What is the wholly and exclusively rule?Source: HM Revenue & Customs | | 23/08/2017
When deciding if an expense is deductible or not for tax purposes it is important to consider if the expenditure was incurred wholly and exclusively for the purposes of your trade or employment. This is a difficult starting point as there is often a fine line dividing what meets the ‘wholly and exclusively’ rule and what does not.
In general, HMRC takes a slightly more relaxed view than a strict reading of the legislation would suggest. HMRC’s own internal manuals offers advice to HMRC inspectors to exercise care when applying the test.
The following example helps clarify this point. A self-employed consulting engineer may travel to exotic locations to advise on projects. The travel and the exotic locations may have some non-business benefits but where there was no principal private purpose, any personal benefits are said to be incidental to the carrying on of the profession and the cost is therefore allowable.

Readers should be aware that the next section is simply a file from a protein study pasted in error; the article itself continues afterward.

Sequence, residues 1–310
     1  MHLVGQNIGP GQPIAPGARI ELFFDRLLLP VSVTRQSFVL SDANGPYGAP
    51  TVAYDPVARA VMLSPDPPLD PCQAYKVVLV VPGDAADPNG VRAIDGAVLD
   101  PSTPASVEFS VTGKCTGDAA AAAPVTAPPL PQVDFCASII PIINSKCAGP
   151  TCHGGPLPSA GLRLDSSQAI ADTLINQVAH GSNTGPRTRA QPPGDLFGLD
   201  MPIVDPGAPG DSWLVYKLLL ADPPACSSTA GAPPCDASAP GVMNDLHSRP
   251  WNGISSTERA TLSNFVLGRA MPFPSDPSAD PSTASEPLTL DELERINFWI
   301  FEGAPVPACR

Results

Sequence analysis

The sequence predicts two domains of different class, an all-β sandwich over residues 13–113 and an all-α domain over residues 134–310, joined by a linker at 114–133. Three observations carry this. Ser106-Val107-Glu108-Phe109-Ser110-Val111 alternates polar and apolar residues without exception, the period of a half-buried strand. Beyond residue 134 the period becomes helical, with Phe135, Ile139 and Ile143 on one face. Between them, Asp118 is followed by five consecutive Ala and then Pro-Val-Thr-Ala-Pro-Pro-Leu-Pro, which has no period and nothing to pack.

It is also possible to apportion part of an expense where necessary. For example, when considering the running costs of a car used partly for the purposes of the trade and partly for other purposes. HMRC’s position is that the costs associated with the business use of the car would be deductible.
There have been many decided cases on this subject and decisions on what is or is not incurred wholly and exclusively for the purposes of trade or employment is still very much a grey area. If you are considering expenditure where there is a possible element of private benefit, please call so we can offer an opinion, especially if the sum to be expended is a significant amount.